The Favorites of Emperor Honorius (ill. 5), exhibited at the Royal Academy in 1883, reveals Waterhouse’s taste for rare subjects. This one is drawn from a work by Edward Gibbon, The History of the Decline and Fall of the Roman Empire. A young and incompetent emperor, Honorius is amusing himself by feeding the birds while his favorites pay court to him ; in the meantime, the Visigoth king, Alaric, was ravaging the peninsula down to Rome. The catalogue entry strangely enough does not refer to Jean-Paul Laurens. And yet, the style as well as the subject makes this a compulsory comparison. The French painter had, three years earlier, also painted a Honorius, seated on his throne, just as half-witted and decadent as Waterhouse’s. One of the essays in the catalogue however recalls the many contacts that he had with France and his ties to the art there [1]. One of his most famous paintings, The Lady of Shalott (ill. 6), on loan exceptionally from the Tate Britain to Montreal, is thus accurately linked to another French artist, Jules Bastien-Lepage. Although the atmosphere and the theme evoke Opheli by Millais, a painting which often inspired Waterhouse, the landscape and the manner are to be seen as closer to the Joan of Arc by Bastien-Lepage. Barely remembered today in France despite the recent retrospective at the Musée d’Orsay (see article, in French), he exerted a strong influence on several European painters.

6. J. W. Waterhouse (1849-1917)
Lady of Shalott, 1888
Oil on canvas - 153 x 200 cm
London, Tate Britain
Photo : Tate Britain

7. J. W. Waterhouse (1849-1917)
Circe Invidiosa, 1892
Oil on canvas - 180.7 x 87.4 cm
London, Tate Britain
Photo : Tate Britain

The combination of certain Naturalist elements and a taste for fantastic subjects is one of the characteristics of Waterhouse’s art. This later-day Pre-Raphaelite liked fairies, sirens, sorceresses and dryads. His imaginary world is not very different from that of many Symbolist artists although few works fall totally into this category. Circe Indiviosa (ill. 7) is undoubtedly one of them.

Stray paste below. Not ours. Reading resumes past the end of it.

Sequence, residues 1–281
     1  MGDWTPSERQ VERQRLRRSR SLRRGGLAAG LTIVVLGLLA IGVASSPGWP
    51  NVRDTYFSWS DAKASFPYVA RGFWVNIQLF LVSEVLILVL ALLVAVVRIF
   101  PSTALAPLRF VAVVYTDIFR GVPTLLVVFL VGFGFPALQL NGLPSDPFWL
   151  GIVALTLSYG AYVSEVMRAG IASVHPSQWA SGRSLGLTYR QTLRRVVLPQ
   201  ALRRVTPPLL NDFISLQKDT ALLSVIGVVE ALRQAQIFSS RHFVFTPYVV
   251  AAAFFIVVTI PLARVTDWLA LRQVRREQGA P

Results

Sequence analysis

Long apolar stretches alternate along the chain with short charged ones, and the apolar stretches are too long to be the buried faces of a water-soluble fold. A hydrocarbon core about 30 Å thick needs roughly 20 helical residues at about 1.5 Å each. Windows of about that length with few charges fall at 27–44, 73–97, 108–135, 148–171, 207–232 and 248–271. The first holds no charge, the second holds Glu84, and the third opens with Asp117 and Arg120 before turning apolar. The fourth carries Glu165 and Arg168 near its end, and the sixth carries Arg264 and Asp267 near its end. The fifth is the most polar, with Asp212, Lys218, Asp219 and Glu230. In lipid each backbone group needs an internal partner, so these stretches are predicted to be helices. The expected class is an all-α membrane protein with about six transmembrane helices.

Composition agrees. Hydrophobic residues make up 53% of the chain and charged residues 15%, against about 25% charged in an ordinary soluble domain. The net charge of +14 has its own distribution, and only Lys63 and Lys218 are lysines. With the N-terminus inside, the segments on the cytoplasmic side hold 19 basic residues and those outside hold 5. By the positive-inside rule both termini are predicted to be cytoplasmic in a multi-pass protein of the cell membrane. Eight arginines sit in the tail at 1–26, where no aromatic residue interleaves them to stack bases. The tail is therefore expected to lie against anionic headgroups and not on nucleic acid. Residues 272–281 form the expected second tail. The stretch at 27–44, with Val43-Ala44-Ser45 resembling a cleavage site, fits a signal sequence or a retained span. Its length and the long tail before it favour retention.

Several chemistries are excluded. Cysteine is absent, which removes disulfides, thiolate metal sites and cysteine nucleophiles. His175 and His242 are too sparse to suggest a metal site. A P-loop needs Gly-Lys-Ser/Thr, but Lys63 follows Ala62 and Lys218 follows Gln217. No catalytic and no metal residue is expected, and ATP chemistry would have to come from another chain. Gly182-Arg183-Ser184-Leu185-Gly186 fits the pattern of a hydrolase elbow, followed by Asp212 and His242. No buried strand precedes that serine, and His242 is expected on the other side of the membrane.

Waterhouse produced images which are hard to forget. He was a painter of women, which also links him to the Symbolists. Heavy-set women from his early years such as his imposing Cleopatra (cat. 18) or his Marianne (ill. 1) majestically walking down the stairs leading her to her torture. Women in love, tragic heroines such as the Lady of Shalott, Rosemonde, Marianne… In fact, Waterhouse is a deeply Romantic artist until his death in 1917, at a time when the movement had practically disappeared.

8. J. W. Waterhouse (1849-1917)
Saint Cecile, 1895
Oil on canvas - 123.2 x 200.7 cm
Private collection
Photo : Didier Rykner

We would point out in concluding that this retrospective, in the Montreal version, which we saw, is remarkably staged and presents clear signs and brief but precise explanations, a great boon for visitors. The catalogue offers both essays and entries which are quite detailed but lacks a historical background and a bibliography of the works. Those who wish to learn more in depth, should also read the monography on Waterhouse – in a French edition – written by Peter Trippi, former director of the Dahesh Museum and one of the three curators responsible for this beautiful retrospective.

local/cache-vignettes/L115xH140/Couverture_Waterhouse-3766b.jpgElizabeth Prettejohn, Peter Trippi, Robert Upstone, Patty Wageman, J. W. Waterhouse 1849-1917.The Modern Pre-Raphaelite, Groninger Museum-Royal Academy of Arts-Musée des Beaux-Arts de Montréal, 242 p., 54 €. ISBN : 1905711360 (English edition).

local/cache-vignettes/L115xH134/Couverture_Waterhouse_Trippi-9d7d9.jpgPeter Trippi, J. W. Waterhouse, Editions Phaidon, 2006, 251 p., 59,95 €. ISBN : 0714896713.

Visitor Information : Museum of Fine Arts, 1380 rue Sherbrooke Ouest, Montreal. Phone : + 514 285 2000. Open daily except Monday from 11.00 to 17.00 and until 21. from wenesday to Friday. Rates : 15 $ (full), 7.50 $ (reducted)

Version française

Didier Rykner, dimanche 1er novembre 2009


[1] Luc-Oliver Merson is another French artist whose works can be compared to some of Waterhouse’s paintings, such as his Saint Cecile (ill. 8).